In it's time
the 1873 Winchester, was the gun reported to have won
There is a lot of controversy to the truth or falseness
of that, the Henry, the 1866 Winchester the 1873 and
1876 all were a part of that great move west in our country.
But it can be clearly said the 1873 was the rifle that was
most sought after by those in the last three decades of the 19th
The 44-40 was the caliber of choice, but the 38-40 was
selected by a good number of folks. In 1882 the 32-20 was
chambered also in the 1873 design but wasnít as popular as
the other two.
in those early days the chamberings were not called by
Winchester, by the powder weight,
38-Ď40' and 44-Ď40'... the big W called them the 44
WCF and the 38 WCF, for ĎWinchester Center Fireí.
the designation WCF was a Winchester copyright... when other
ammo companies began to load for the rounds, they were called
by the powder names. And it stuck. And the mighty 38 WCF
(which was not a 38 at all, but a 401+ caliber), and the 44
WCF became the 38-40 and the 44-40, the chamberings of
modern clone 1873s come in many calibers including the 44 WCF
and the 32-20 WCF... I am told they also come in the 38-40 but
I have yet to see one. Several
distributors have them also chambered in the more modern
calibers like the .357 magnum.
Since the toggle system design of the 1873s is not a
very strong system, with a very slim bolt... that chambering
surprises me. For
a design that was made to take 16,000 psi (to a top load of
23,000 psi in modern steel)... the 35,000 psi of todayís
commercial 357 loads is way over the stress points of the
design. And some
commercial ammo is still loaded to the original 357 pressure
levels of 45,000+ psi.
have a Uberti 1873 all steel action Short Rifle in .357
Magnum shown in the pictures.
It is a gorgeous rifle. With itís deep charcoal type
bluing and case colored action, the photos do not do the gun
justice. A 20
inch octagon barrel, that is usually the carbine length. But
this levergun has the rifle forearm, barrel, loading tube,
barrel band, and octagon barrel.
It weighs in at 7.4 pounds unloaded.
It has buck horn sights, but that will change as soon
as the peep sights I ordered come in from MidwayUSA.
wood is dense walnut with a goodly amount of figure, the
photos also donít show the grain very well.
In fact some of the weight comes from the heavy walnut
of the forearm and buttstock.
It has the traditional curved butt-plate of the 73s.
The butt-plate has the same blue as the barrel and
you look at the close-up photo of the brass lifter in the up
position (itís the photo looking down into the action), you
can see the bolt between the two sides of the brass lifter....
it is not very big in circumference, and itís somewhat long
and unsupported at firing.
And who knows how really strong it is, even if it is
steel and not brass. In my earlier testing of the 1873 steel
clone 32-20s, I found that they shouldnít be reloaded past
23,000 psi. That
is my arbitrary top loading pressure for new steel Ď73s.
In respect for the simple but weaker design.
one thing I have always loved about the
Henry through the 1876 rifles, which are basically the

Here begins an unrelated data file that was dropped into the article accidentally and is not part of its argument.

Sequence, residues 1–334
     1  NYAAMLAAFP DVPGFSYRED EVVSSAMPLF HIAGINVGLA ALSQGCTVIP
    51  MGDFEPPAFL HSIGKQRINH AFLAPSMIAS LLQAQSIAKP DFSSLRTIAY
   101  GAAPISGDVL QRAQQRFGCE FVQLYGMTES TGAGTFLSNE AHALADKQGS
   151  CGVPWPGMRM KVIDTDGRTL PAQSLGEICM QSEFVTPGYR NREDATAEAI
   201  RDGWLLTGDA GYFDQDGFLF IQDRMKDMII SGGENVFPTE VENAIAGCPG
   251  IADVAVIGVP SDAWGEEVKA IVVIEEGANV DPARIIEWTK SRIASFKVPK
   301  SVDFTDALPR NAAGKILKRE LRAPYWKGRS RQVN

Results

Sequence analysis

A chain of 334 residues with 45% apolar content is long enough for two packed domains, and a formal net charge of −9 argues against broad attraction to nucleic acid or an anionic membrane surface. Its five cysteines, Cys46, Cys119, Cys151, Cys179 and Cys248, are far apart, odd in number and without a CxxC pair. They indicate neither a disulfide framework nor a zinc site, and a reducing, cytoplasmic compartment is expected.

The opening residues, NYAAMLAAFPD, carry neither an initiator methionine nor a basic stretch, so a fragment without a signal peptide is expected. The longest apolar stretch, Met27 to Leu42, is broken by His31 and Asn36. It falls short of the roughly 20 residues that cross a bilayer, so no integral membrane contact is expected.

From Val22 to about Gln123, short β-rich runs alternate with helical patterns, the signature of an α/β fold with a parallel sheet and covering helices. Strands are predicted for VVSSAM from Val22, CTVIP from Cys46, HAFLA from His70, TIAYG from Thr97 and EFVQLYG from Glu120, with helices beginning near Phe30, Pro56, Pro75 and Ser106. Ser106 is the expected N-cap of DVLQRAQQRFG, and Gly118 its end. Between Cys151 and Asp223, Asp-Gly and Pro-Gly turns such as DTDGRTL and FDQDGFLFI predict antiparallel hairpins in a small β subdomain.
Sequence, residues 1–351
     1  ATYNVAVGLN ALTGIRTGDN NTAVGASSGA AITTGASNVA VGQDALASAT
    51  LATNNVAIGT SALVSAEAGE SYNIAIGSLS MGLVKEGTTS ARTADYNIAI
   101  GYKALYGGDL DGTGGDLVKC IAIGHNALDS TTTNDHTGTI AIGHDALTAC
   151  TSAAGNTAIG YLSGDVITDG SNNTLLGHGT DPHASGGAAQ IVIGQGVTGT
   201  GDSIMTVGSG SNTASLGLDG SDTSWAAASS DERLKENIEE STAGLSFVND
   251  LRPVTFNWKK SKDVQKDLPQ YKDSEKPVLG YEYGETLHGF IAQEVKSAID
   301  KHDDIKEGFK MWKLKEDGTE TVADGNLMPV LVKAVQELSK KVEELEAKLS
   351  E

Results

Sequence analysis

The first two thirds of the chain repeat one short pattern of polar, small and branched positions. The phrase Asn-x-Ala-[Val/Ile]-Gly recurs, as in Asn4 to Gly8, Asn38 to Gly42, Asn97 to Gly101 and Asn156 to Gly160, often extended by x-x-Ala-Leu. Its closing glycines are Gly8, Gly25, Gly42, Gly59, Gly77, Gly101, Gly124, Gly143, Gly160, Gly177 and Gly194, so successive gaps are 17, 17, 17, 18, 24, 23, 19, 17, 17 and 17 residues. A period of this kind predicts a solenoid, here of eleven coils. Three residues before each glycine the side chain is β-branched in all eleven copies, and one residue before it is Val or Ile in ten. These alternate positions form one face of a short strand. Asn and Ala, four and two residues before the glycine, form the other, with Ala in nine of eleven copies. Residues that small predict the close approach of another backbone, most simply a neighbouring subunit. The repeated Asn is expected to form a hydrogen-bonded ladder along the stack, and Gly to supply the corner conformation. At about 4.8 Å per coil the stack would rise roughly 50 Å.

same design, just different action sizes, is the smoothness of
the actions. And this Uberti is no exception. It is butter smooth.
The octagon barrel, steel action, and heavy wood give a
hefty but an Ďon pointí aiming ability to the rifle. Its
20 inch barrel is a bit nose heavy and hangs on the target.
the reloading books call for top loads in pressure around
16,000 psi for well made and tight 73s.
With the modern steel 1873 action and smaller head size
of the .357 cartridge, I figure 20,000 to 23,000 psi isnít
going to hurt my rifle. I
have shot +P 38 Special commercial ammo out of it without
problems, and that was rated at 23,000+ psi.
So I believe extended use of 23,000 psi or below will
be fine. If I want true 357 mag rifle velocities, I have
Winchester and Legacy 1894 and 1892 designed leverguns
that can take top .357 magnum pressures. No sense hurting a
fine 1873 rifle.
powders I have found
that the old standbys like 2400 and H-4227 are very good ...
but HS-6 and Blue Dot in some loadings turned out very well.
8 grains of Blue Dot under a 110 grain jacketed bullet will
give near 1450 fps from the rifle with only 17,500+ psi from
the 20 inch barrel.. A near magnum load from a short barreled
handgun. And it
will make a very bad day for a coyote inside 100 yards.....
Accurate #5 with 8 grains will push a 125 grain
jacketed bullet from the rifle at 1350+ fps for around 18,700
psi, and it is a neat
load out to 100 plus yards.
7 grains of HS-6 under a cast 158 grain Keith bullet
will go 1300 fps..... a modest 17,000 psi..... this load at 50
yards is ideal, going
into an inch+ when I hold well enough with buck horn sights... As most of my readers know, I am not a buck horn sight
any good reloading book, you can find many acceptable loads
for squirrel to coyotes in the 38 special plus P sections...
itís a fun gun. This gun is a low pressure thing of beauty,
fun to shoot, no recoil to speak of, accurate to a fault and a
fine small game rifle... And the word about its exceptional
accuracy has leaked out.... I hear the squirrels are picketing
the Uberti manufacturing plant.
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